Where Now for Boris and Brexit After Scottish Proroguing Drama?

    Do you ever have those days at work where you just think to yourself ‘why do I even bother?’

    Most people will at certain points of their life, and you can bet your bottom dollar that Boris Johnson has – probably about five times of late, in fact.

    A catalogue of motions and votes in the Commons have left the Prime Minister’s Brexit plans in tatters, and the only available option to him was to prorogue Parliament so that he can spend time negotiating further with EU head honchos and representatives in Northern Ireland – or to prevent MPs actually discussing the nature of his deal or no deal in the House, depending on who you believe.

    Unfortunately for Boris, it seems he didn’t really do his homework when asking the Queen to allow him to suspend Parliament, as Scotland’s highest civil court has ruled that this particular act of proroguing is illegal.

    ‘Boris Johnson’ – Back Boris Campaign via Flickr (CC BY-SA 2.0)

    That motion was put to the Court of Session by a group of MPs from across the political divide, and who wanted to prevent the PM from shutting down the government for the next five weeks.

    The judging panel agreed, suggesting that Johnson was merely attempting to prevent cross-examination on his Brexit deal by his fellow politicians.

    The Supreme Court in London is now involved, with another group of politicians appealing the decision of the Scottish system within the next few days.

    It has been a dizzying, breathless week since Parliament returned after a hiatus, and quite where we stand on Brexit now is anybody’s guess.

    But one thing that is for certain: that planned October 31 divorce date is getting closer and closer, and no budging from the UK or the EU suggests that the stalemate could continue a while longer yet.

    What Next for Beleaguered Boris?

    It has been reported that opposition parties and Tory rebels have now called for Parliament to be immediately reopened for further discussions to take place; whether that occurs, who can say.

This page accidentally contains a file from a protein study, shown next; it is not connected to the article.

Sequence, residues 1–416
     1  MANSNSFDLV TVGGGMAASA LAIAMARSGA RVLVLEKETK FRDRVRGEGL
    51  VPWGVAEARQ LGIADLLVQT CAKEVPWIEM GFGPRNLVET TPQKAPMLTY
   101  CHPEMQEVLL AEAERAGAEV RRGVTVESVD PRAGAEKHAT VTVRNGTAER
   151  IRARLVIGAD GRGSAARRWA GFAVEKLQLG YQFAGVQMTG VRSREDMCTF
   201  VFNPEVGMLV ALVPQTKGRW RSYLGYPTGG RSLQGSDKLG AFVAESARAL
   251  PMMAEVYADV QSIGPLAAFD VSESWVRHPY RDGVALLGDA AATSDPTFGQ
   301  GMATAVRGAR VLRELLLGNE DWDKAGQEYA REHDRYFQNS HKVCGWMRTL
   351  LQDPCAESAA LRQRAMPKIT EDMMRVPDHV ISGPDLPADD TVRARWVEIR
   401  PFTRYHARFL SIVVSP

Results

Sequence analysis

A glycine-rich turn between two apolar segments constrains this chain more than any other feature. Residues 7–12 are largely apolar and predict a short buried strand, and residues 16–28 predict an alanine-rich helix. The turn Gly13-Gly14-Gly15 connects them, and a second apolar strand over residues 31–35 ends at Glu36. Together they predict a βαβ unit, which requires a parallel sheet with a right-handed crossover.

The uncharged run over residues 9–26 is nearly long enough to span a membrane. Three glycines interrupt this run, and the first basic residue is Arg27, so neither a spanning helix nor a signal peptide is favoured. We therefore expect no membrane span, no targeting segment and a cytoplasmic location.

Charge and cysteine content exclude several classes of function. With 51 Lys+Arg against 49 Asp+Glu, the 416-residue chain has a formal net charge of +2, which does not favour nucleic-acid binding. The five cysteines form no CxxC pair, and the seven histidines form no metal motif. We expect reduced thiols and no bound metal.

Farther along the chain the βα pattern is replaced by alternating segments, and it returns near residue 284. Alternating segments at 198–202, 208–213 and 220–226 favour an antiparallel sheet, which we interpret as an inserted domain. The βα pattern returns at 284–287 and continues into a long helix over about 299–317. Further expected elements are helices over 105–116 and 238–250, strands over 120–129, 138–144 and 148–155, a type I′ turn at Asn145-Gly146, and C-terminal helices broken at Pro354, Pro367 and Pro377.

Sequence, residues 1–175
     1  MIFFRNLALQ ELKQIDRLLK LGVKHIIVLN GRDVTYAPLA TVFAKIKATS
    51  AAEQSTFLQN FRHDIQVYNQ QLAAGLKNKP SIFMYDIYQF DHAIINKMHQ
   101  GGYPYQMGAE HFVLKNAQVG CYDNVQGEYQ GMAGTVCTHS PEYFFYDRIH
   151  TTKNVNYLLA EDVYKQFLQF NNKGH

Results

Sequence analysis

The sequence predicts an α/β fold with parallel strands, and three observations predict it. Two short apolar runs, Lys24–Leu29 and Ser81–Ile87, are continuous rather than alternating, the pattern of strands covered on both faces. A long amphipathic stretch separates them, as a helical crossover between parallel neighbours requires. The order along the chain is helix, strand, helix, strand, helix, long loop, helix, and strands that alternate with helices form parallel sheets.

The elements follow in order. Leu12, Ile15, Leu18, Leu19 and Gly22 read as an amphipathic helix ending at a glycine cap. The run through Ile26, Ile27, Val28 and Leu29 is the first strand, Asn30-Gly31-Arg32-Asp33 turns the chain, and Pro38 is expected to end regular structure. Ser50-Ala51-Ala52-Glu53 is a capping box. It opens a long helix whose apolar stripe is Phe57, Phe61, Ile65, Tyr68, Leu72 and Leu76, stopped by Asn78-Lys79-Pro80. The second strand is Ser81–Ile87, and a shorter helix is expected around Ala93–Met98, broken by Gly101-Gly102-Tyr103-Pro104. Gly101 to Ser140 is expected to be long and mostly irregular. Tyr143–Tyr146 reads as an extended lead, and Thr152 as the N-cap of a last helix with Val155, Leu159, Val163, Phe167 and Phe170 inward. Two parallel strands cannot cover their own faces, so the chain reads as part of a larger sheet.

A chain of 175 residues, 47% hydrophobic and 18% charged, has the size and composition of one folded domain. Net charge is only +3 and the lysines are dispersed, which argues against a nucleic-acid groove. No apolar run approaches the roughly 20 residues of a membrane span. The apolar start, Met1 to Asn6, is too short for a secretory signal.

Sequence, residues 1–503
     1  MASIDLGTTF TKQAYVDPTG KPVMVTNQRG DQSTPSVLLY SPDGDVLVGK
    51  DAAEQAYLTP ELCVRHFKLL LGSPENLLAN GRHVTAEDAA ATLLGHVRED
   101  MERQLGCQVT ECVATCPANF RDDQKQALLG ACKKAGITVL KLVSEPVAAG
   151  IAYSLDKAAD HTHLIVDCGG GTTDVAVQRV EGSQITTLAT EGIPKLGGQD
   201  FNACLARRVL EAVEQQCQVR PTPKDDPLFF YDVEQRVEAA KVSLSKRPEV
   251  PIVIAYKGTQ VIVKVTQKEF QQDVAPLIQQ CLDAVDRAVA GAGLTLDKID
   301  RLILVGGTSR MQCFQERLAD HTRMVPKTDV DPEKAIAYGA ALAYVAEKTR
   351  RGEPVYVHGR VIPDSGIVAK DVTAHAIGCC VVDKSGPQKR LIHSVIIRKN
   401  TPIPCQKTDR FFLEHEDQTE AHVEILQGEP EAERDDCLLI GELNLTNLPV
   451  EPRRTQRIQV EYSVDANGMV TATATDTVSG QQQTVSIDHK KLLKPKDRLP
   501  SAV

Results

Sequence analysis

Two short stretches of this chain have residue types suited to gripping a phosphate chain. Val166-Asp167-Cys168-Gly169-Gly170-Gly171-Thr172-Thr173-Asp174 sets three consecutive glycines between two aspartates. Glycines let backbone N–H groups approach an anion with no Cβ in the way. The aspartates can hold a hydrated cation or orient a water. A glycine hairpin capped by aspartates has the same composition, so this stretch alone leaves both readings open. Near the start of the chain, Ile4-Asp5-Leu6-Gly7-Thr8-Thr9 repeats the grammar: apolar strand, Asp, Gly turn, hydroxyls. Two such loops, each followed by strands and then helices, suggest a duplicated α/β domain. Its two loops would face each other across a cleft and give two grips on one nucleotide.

But it’s another damaging blow to Boris Johnson’s hopes of forcing through Brexit – by hook or by crook – by that Halloween deadline.

    The Prime Minister has appeared spooked of late, and why not? He has lost the Midas touch that swept him into Number 10, and plans for a general election – which became an odds-on likelihood with the bookmakers after appearing in a number of Brexit betting tips columns – were scuppered when rival MPs gave that a thumbs-down.

    It led to another PR own goal when the Tories published a picture of Jeremy Corbyn dressed as a chicken in reference to his unwillingness to go to the polls.

    Maybe the Labour leader is making the right call because the latest YouGov poll suggests that the Conservatives would still enjoy a 9% lead in an election based upon current consensus.

    However, the Brexit Party and the Lib Dems would also be likely to make significant gains, and that would weaken Boris’ power on Downing Street barely a month into his reign.

    And that’s Brexit in a nutshell, really. Nobody seems to have a clue what’s going on, and it’s like the plot of a ridiculous political thriller come to life.

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